Sharavin and his friend were dumbfounded. They wondered what on earth could have made the students leave their shelter semi-clad when it was at least -20C outside.
They immediately skied downhill to tell the others in the search party what they had found. Later, when they sat around the campfire for their evening meal, Sharavin produced the flask of vodka that he’d found in the tent and proposed a toast to the health of the Dyatlov group.
“We shared it out between us – there were 11 of us, including the guides,” he recalls. “We were about to drink it when one guy turned to me and said, ‘Best not drink to their health, but to their eternal peace.’”
On the evening of 23 January 1959, the group of students boarded the sleeper train from Sverdlovsk, just east of the Ural Mountains.
To get a better idea of what might have happened to the students, I decide to trace their journey. Today, Yekaterinburg is Russia’s fourth-largest city and was a host city in the football World Cup.
On the spot where Tsar Nicholas II and his family were murdered in 1918 after the Revolution, there’s a shiny new Byzantine church. On the other side of the Iset River, a modernist shrine to one of the city’s most-famous sons - Russia’s first President, Boris Yeltsin.
But the train to the north seems untouched by time. A grumpy, uniformed conductor peers at my ticket and waves me on board. At one end of our carriage, there’s a battered samovar providing water for much-needed hot tea. As I spread the sheets on my bunk bed, I imagine the students doing the same 60 years ago, and chatting excitedly about their trip.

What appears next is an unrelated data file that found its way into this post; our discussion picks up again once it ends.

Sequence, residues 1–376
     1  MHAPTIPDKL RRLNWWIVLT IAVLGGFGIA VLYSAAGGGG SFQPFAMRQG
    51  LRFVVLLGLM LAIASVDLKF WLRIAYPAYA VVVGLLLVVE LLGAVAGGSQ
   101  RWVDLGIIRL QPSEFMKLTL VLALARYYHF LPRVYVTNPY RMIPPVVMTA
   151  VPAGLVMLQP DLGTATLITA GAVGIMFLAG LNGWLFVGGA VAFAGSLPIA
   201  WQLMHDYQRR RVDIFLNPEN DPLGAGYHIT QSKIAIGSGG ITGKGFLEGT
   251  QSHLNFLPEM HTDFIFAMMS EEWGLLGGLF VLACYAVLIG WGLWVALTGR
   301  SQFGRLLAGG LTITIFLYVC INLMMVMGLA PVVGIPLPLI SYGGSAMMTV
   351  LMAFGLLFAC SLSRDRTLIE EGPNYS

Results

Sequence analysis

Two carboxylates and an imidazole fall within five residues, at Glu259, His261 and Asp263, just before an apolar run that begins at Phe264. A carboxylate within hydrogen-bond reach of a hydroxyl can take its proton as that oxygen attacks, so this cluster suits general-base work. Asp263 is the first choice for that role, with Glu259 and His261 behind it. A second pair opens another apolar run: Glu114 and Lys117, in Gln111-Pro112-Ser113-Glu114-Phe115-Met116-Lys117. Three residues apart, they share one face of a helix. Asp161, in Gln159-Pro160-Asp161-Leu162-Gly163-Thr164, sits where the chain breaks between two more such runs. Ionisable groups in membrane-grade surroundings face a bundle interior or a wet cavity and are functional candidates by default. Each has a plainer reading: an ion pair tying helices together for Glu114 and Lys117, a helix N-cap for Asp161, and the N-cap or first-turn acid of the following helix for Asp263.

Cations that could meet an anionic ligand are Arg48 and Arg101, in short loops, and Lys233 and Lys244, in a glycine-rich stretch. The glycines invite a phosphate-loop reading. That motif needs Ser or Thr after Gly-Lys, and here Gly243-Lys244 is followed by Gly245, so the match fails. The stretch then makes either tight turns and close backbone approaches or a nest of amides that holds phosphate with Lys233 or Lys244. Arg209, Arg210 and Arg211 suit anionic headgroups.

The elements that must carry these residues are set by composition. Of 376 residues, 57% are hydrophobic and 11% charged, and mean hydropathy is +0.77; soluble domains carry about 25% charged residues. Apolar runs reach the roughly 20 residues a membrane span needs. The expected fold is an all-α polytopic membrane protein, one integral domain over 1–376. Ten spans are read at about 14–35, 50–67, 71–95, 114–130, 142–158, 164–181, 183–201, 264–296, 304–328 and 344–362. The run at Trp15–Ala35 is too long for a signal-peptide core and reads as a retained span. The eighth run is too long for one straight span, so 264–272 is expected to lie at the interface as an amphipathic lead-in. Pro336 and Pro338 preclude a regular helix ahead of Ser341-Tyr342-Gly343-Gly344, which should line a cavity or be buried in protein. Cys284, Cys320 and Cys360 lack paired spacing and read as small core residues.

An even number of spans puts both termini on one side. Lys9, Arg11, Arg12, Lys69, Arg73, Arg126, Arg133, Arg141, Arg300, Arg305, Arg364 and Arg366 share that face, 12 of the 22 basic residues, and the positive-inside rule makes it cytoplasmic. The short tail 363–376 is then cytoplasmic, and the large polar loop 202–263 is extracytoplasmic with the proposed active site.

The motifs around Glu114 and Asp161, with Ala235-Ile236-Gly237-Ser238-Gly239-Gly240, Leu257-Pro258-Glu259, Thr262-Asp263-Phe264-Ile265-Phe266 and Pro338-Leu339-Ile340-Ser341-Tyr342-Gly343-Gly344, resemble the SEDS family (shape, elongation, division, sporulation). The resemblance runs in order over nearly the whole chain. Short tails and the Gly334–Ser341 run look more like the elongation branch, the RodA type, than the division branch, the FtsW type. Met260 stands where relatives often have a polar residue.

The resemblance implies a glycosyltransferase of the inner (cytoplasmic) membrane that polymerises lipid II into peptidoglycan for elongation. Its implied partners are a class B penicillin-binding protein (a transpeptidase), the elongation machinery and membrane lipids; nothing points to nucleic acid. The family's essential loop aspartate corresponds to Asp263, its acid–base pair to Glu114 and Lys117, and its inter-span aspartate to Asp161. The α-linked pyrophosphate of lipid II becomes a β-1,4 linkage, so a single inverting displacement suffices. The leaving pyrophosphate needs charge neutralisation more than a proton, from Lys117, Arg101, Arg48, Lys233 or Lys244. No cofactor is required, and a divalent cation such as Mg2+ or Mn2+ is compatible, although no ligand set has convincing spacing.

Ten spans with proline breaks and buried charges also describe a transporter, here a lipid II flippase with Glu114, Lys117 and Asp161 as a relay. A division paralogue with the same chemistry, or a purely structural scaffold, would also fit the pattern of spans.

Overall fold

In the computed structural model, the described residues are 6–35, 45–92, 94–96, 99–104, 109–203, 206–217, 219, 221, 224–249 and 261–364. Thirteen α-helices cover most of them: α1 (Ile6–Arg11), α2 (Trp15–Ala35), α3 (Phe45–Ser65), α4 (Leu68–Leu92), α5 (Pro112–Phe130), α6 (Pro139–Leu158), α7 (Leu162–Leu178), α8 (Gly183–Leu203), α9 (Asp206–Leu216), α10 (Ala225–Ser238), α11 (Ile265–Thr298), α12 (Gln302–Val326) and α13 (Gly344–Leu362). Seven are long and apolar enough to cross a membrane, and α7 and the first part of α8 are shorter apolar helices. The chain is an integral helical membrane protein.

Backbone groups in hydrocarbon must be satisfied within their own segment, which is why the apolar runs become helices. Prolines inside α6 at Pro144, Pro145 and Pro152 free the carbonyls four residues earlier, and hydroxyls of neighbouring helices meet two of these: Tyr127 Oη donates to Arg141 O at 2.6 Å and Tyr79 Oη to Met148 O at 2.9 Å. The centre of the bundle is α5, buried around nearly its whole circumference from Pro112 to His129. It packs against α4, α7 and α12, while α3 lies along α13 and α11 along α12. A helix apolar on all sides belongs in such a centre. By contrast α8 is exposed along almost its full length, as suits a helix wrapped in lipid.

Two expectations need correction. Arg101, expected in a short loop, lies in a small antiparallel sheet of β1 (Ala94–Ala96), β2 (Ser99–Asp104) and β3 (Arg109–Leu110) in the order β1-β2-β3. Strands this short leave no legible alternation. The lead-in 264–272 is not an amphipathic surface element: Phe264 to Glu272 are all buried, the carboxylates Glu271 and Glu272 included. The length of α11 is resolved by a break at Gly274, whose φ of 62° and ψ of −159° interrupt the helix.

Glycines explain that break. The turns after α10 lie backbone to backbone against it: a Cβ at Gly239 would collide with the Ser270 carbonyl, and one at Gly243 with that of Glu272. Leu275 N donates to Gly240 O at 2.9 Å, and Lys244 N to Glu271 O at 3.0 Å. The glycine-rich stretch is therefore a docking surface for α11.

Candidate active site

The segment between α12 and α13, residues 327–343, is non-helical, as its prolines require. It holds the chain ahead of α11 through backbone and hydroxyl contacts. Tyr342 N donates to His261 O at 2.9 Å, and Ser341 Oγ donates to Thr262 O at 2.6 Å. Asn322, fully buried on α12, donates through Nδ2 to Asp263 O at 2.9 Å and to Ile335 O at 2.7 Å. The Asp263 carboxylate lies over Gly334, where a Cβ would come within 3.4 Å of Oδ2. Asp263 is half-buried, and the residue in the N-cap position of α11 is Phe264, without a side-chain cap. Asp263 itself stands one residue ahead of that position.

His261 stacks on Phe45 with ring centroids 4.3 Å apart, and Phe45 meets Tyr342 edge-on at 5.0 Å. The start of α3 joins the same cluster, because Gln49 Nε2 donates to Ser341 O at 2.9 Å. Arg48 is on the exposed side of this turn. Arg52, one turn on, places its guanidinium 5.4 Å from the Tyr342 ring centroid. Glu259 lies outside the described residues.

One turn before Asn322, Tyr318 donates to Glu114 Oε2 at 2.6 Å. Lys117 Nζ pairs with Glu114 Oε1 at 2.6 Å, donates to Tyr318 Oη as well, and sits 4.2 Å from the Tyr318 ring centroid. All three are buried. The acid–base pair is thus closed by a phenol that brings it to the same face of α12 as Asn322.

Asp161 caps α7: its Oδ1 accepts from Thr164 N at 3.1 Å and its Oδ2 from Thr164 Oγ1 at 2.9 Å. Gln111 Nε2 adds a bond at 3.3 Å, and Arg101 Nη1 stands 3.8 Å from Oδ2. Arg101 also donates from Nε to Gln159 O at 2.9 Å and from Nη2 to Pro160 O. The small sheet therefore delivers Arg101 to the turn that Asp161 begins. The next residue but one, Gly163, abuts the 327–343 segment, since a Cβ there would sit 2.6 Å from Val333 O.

The party consisted of eight men and two women. Igor, the leader, was a fifth-year radio engineering student and one of the most experienced athletes in the group. There was also Zinaida Kolmogorova, 22, from the same faculty, Yuri Doroshenko, 21, who was studying power economics, Alexander Kolevatov, 24, studying nuclear physics, Yuri Krivonischenko, 23, Rustem Slobodin, 23 and Nicolas Thibeaux-Brignolle 23 - all engineering students. Lyudmila Dubinina, 20, and Yuri Yudin, 22, were both studying economics. Semyon Zolotaryov, a 38-year-old sports instructor who had fought in World War Two, was the odd one out.
We can trace the students’ journey, up to a certain point, through their diaries, photographs and letters.
Lyudmila Dubinina, the youngest skier, had a reputation as a stern, somewhat humourless member of the Komsomol - the Young Communists. But reading her diary, it sounds as if she was enjoying the adventure and beginning to loosen her neat blonde plaits.
“In the train we all sang songs accompanied by a mandolin,” she wrote. “Then out of the blue, this really drunk guy came up to our boys and accused them of stealing a bottle of vodka! He demanded it back and threatened to punch them in the teeth. But he couldn’t prove anything and eventually he got lost. We sang and sang, and no-one even noticed how we slipped into a discussion about love… and kisses in particular.”
Zinaida Kolmogorova, outgoing, energetic and one of the university’s most popular students, wrote to her family from the city of Serov, a stop along the route.
“We are going camping, ten of us and it’s a great bunch of people. I have all the warm clothes I need, so don’t worry about me. How are you? Has the cow calved yet? I love her milk!”
She asked about her father’s health, her mother’s work and urged her younger sisters to study harder at school. Zinaida and Igor sent their last letters home from the post office in a small settlement further along the route called Vizhay.
They spent the night there on 25 January, before getting a lift by truck to a logging base called the 41st settlement.
The students enjoyed chatting to the lumberjacks around a warm stove and discussing their favourite films. Zina wrote another entry in her diary.
“It turns out that this is our last day of civilisation and the last chance me and Lyuda had to sleep in beds. Tonight, we are going to be in a tent.”
Since I’m following in the footsteps of the students, I should be on cross-country skis, but I’m taking the easy way out on a snowmobile. It’s an uncomfortable ride because the snow is heavy, and the track is rutted so we can only travel at about 8km (five miles) per hour.